Emotion, Reaction, and Analysis: Steins;Gate 13


The heart of the whole operation.

Episode 13 exemplifies why Steins;Gate as a whole is such a successful series; combining solid character interaction and  a semi-realistic science fiction plot.  The home grown, accidental nature of their time machine is something that hasn’t been so well addressed since a similar situation in the movie Primer (The situation being the development of the time machine, not the situations that arise because of its creation.  In that respect, the two are different beasts).  This development of a real, working time machine is nicely enveloped in seemingly one-off conversations between the characters; cementing their relationships in our mind while also just being genuinely funny and well-written.

This all came to a head in episode 12, where Mayuri, a seemingly insignificant character, was killed, sending the male lead Okarin into an emotional frenzy.  In episode 13, we learn that all of “Hououin Kyouma” was actually developed for Mayuri following her inability as a child to deal with her grandmother’s death.  When Okarin feels that Mayuri is slipping away from him, he grabs her from behind, quoting a television series that they had watched together, declaring that he’ll play the mad scientist holding her hostage.  Until this episode, I had thought that Mayuri represented the heart of the operation as the only person who could keep “Hououin Kyouma” grounded enough to stay as Okabe Rintaro.  However, she also happens to be the reason why he developed his alternate persona; for as much as Mayuri’s world revolves around Okarin, Okarin’s world revolves even more around Mayuri.  Were it not for Mayuri, Okarin surely would have never thought to attempt to build a time machine in the first place.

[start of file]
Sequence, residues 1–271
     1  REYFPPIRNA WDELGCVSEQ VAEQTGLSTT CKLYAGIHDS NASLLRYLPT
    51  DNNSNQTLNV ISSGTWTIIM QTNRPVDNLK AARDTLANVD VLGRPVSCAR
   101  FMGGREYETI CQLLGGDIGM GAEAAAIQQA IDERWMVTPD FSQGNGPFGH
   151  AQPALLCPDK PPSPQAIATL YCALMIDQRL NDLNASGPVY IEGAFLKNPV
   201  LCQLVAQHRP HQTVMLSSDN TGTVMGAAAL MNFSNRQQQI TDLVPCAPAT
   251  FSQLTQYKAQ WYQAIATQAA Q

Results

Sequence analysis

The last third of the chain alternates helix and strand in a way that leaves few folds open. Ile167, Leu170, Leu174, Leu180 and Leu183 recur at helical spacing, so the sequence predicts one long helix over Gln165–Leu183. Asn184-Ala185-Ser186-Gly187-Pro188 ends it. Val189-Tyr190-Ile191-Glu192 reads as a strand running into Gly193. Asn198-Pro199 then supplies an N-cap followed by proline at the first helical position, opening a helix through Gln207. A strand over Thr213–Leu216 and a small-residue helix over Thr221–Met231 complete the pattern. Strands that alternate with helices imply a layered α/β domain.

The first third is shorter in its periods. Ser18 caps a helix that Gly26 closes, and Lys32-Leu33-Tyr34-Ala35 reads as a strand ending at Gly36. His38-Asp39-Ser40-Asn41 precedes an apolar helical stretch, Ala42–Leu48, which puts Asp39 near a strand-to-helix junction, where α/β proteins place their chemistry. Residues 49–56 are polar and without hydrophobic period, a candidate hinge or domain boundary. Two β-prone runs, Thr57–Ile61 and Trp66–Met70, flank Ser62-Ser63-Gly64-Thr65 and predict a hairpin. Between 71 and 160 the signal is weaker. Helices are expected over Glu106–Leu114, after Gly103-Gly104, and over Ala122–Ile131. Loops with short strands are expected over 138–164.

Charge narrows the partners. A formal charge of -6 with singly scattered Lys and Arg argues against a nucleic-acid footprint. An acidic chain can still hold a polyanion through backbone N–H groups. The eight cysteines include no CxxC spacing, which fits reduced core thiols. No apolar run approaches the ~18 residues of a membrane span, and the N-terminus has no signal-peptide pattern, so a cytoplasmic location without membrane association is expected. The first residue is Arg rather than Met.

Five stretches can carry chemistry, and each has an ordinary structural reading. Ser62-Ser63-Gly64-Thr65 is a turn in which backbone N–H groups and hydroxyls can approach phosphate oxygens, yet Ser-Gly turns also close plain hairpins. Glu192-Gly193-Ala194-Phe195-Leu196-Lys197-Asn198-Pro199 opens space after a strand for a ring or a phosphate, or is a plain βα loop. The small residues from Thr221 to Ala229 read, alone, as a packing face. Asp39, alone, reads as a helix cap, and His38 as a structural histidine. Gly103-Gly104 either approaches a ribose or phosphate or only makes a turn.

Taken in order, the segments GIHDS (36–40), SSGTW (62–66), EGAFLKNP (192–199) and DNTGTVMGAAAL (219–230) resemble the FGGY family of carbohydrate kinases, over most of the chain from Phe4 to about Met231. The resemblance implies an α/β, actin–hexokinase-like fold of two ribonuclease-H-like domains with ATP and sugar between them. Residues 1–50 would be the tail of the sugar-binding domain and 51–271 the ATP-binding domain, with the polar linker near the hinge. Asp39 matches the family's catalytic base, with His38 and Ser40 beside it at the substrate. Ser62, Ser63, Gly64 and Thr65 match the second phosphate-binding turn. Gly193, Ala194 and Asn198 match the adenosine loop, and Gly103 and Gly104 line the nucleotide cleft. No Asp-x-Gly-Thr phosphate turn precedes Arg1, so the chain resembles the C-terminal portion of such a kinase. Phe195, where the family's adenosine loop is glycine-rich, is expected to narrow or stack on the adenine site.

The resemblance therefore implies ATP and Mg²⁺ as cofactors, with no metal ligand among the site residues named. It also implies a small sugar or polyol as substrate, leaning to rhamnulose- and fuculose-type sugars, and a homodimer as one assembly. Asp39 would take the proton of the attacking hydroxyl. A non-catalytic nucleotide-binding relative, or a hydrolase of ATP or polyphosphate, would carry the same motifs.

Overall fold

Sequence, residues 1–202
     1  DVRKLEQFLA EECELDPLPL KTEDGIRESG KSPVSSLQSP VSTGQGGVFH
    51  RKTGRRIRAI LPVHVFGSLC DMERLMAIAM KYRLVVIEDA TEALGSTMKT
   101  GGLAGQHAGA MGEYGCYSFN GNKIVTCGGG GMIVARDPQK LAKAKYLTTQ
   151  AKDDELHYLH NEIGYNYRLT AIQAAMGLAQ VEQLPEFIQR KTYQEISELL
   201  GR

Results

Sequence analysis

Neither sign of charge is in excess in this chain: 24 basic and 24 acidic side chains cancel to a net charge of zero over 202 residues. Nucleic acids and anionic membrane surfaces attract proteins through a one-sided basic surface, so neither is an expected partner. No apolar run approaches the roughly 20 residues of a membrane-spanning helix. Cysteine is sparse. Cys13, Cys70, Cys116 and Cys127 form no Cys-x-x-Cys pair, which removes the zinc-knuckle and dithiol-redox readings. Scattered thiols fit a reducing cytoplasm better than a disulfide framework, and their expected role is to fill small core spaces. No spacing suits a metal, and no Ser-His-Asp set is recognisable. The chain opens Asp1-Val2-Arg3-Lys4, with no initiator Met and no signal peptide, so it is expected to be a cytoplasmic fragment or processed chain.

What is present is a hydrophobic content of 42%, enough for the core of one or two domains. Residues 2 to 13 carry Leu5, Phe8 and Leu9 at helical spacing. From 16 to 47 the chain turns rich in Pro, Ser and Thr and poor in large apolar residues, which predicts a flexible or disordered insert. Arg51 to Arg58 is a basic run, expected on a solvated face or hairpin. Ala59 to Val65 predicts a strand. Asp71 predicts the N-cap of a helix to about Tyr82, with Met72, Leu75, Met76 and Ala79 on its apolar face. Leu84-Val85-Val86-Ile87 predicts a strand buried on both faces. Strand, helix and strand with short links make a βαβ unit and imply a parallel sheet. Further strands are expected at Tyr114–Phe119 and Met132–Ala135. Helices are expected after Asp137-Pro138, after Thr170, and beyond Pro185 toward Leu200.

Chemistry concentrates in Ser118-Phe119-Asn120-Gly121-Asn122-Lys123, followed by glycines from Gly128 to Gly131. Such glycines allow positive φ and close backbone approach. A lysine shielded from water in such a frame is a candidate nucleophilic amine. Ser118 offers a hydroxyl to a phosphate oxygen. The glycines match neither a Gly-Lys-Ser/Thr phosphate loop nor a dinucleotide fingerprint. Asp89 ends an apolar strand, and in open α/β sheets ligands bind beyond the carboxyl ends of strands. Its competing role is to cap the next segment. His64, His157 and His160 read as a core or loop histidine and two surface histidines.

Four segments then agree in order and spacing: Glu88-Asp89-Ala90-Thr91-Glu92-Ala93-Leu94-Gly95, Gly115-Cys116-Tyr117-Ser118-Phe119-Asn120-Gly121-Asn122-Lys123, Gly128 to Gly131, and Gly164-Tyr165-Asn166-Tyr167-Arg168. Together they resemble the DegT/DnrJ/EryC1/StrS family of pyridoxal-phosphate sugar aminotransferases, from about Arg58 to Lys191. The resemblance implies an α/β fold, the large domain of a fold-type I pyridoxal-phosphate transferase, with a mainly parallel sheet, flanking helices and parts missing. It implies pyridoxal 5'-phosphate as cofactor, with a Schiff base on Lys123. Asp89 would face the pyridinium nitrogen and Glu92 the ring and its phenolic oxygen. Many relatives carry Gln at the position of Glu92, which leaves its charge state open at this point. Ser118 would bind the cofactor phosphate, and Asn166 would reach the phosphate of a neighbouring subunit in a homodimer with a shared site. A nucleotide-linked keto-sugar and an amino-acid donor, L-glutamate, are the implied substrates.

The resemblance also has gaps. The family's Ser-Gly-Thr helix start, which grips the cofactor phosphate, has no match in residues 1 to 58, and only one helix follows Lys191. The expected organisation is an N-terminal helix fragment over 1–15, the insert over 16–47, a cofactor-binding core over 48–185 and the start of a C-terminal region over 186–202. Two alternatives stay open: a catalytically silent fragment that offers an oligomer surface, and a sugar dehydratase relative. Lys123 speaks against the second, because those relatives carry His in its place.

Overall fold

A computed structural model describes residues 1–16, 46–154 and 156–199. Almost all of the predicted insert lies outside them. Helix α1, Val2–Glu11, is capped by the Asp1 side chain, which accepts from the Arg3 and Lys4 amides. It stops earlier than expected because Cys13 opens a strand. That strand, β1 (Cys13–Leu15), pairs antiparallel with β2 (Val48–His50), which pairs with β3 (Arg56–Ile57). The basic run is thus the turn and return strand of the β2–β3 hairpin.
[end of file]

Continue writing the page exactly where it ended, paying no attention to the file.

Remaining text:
Keeping this idea in mind, the series takes a depressing turn when said time machine becomes the source of all of their problems and Mayuri’s demise.  Honestly, the emotional overload of watching Mayuri die repeatedly completely distracted me from several sticky situations that this episode gets itself into, speaking once more to the successful emotional impact that Steins;Gate is able to deliver thanks to its excellent character development.  While it holds its audience captive, the viewers are more willing to overlook key logic flaws that may arise.  Thus far, the series has made it a point to go back in order to address and explain all of these reasonably.  Hopefully, it will continue to do so, distracting us by placing our favorite characters in dire peril in the meantime.

The main situation that needs to be address here is that Okarin “time-leapt” within the same timeline, which was a feat that the rules of Steins;Gate had previously established as impossible.  With the D-Mail, he was able to jump world lines, supporting John Titor’s theory of time-travel.  Now, with the time-leap machine, he is somehow able to transmit his memories along the same timeline instead of continuing to leap between world lines.  This may have something to do with why Mayuri’s death is seemingly inevitable; however, it does open up a whole other can of worms regarding the series’s explanation of time travel. Obviously, he’ll have to use the D-Mail to actually change anything, which will jump him into another world line.

Another, more interesting question, comes from episode 12, but is continuously hinted at through this episode as well; who is Mayuri at any given point in the series?   The beginning of episode 12 finds her speaking with Okarin many years in the past in the middle of a barren wasteland.  She says that she’s searched for Okarin though many different world lines, and explains that she is one of many Mayuris, and also, the original Mayuri.  If somehow, Mayuri is a time-traveler as well, who is she at what point in time during her various scenes in the series?  Her every appearance is now in question.  In addition to this, she had told Okarin in episodes prior that perhaps she has been his hostage long enough, and had remarked that she felt as if they were growing apart.  Initially, I took this to mean that she was accepting her death, as if she had already known about it through time-travel; however, now I’m wondering if it didn’t mean that she wanted Okarin to drop the persona of Hououin Kyouma once and for all.

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